Villanelle Leads the Pigs to the Slaughter in ‘Killing Eve’ Episode 4 (RECAP)
[Warning: The below contains MAJOR spoilers for the Episode 4 of Killing Eve Season 2, “Desperate Times.”]
Villanelle (Jodie Comer) starts to unravel as her failure to capture Eve’s (Sandra Oh) attention leads to a drug-fuelled breakdown in a gloriously violent episode of Killing Eve.
The great thing about Villanelle is that for all her cunning and manipulation, for the most part, she wears her emotions on her Prada dress sleeve. She has no qualms about making her feelings heard, no matter how socially unacceptable, like yelling “BORING!!!” in the middle of an art gallery. The fearless assassin knows what she wants and isn’t afraid to admit it, and what she really wants is for Eve to want her.
As Konstantin’s (Kim Bodnia) hitwoman-for-hire, Villanelle is exiled in Amsterdam, her days filled with monotonous museum visits and hotel room service. “Every picture is just grapes on naked women,” she tells Konstantin as he drags her around The Rijksmuseum. Her complaining only ceases when she’s drawn to a particularly gruesome painting, The Corpses of the De Witt Brothers, a picture attributed to Jan de Baen which depicts the flayed corpses of Johan and Cornelis de Witt on public display. “Looks like bacon,” she casually remarks.
This ghastly artwork inspires Villanelle’s next kill, a brutally violent public presentation which she hopes will grab Eve’s attention. Donned in a pig mask, as if she was on her way to a furry convention, Villanelle strings up a philandering husband in a brothel window, gutting him like butcher’s meat in front of Red Light District voyeurs, who simply think they’re witnessing a very realistic fetish show. To make her intentions clear, Villanelle sends a postcard of the de Baen painting to her “Darling Eve,” writing, “Hope you haven’t forgotten about me.”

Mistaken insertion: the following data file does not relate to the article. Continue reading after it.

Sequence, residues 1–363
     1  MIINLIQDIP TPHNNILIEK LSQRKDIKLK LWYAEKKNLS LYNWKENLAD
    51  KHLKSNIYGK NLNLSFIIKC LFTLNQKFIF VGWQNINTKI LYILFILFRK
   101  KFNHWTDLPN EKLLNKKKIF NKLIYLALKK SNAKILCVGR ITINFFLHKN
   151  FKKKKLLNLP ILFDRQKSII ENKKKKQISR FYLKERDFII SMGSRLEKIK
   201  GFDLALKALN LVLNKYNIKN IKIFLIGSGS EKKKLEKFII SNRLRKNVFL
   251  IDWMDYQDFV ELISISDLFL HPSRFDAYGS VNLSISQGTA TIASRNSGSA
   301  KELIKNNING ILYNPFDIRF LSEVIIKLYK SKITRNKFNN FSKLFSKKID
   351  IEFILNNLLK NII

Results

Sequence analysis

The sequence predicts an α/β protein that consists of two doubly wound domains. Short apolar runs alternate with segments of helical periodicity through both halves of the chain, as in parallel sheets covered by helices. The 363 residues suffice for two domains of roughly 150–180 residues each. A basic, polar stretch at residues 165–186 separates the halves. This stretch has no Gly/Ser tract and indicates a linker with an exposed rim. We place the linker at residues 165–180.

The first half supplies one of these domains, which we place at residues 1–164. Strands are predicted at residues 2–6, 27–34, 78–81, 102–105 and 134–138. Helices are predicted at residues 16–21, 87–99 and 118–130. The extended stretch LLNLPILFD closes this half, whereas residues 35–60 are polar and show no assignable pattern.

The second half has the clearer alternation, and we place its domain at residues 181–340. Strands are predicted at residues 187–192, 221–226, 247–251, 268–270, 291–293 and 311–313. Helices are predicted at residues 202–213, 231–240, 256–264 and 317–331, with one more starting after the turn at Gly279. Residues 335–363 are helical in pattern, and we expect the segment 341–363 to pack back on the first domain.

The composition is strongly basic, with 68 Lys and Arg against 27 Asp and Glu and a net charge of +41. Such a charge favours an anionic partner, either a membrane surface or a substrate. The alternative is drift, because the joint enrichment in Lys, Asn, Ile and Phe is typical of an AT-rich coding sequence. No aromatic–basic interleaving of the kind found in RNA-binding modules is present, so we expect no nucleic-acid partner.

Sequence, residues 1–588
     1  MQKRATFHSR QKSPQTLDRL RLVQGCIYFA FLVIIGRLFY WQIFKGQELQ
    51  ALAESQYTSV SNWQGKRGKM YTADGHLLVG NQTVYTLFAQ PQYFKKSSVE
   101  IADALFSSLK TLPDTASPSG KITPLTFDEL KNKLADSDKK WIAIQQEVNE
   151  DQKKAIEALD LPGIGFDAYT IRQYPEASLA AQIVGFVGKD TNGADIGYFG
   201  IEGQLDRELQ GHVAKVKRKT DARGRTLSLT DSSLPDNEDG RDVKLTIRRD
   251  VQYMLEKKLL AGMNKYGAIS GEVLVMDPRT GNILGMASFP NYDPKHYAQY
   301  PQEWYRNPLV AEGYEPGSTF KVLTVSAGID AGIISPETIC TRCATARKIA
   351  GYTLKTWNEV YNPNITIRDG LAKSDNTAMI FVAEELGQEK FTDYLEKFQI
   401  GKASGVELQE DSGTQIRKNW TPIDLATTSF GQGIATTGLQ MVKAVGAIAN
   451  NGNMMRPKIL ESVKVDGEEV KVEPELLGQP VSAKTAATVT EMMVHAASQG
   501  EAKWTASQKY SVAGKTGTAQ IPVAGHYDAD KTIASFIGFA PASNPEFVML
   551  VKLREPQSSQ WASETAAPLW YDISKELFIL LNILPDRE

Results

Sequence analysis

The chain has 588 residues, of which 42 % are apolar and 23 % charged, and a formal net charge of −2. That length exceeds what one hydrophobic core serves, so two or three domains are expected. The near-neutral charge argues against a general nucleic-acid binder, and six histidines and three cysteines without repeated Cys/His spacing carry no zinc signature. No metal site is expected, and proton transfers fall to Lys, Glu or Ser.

Back in London, Eve is doing her best to suppress her feelings, as unlike Villanelle, the conflicted MI6 agent is scared of confessing her desires. “What about her?” Eve scoffs when Jess (Nina Sosnaya) inquires about Villanelle, as if she doesn’t spend every waking moment thinking about her. When Niko (Owen McDonnell) brings up the scene at the school and the security guard living at their house, and whether either has anything to do with Villanelle, Eve denies. “My job isn’t all about her,” she snaps.
Instead, Eve tries to put Villanelle out of her mind and focus on The Ghost, a new female assassin who has been offing various members of the Peel family and their associates. The Ghost is the complete opposite of Villanelle. Her kills are clean, quiet, and, based on the anesthetics used in the murders, seemingly painless, all made to look natural. “A considerate assassin,” Eve notes. There is not the pomp and theatricality that is usually attached with Villanelle’s attention-seeking slayings.
The arrogant Aaron Peel (Henry Lloyd-Hughes) offers the MI6 no help in their investigation of his father’s death, he instead belittles their efforts and brags how data tech companies such as his own will soon own more information than the secret service. He also doesn’t seem concerned about the continued deaths of Peel associates, even going so far as to turn down the offer of personal security. The suggestion here is that Aaron was involved in his dad’s murder, but that feels like a red herring.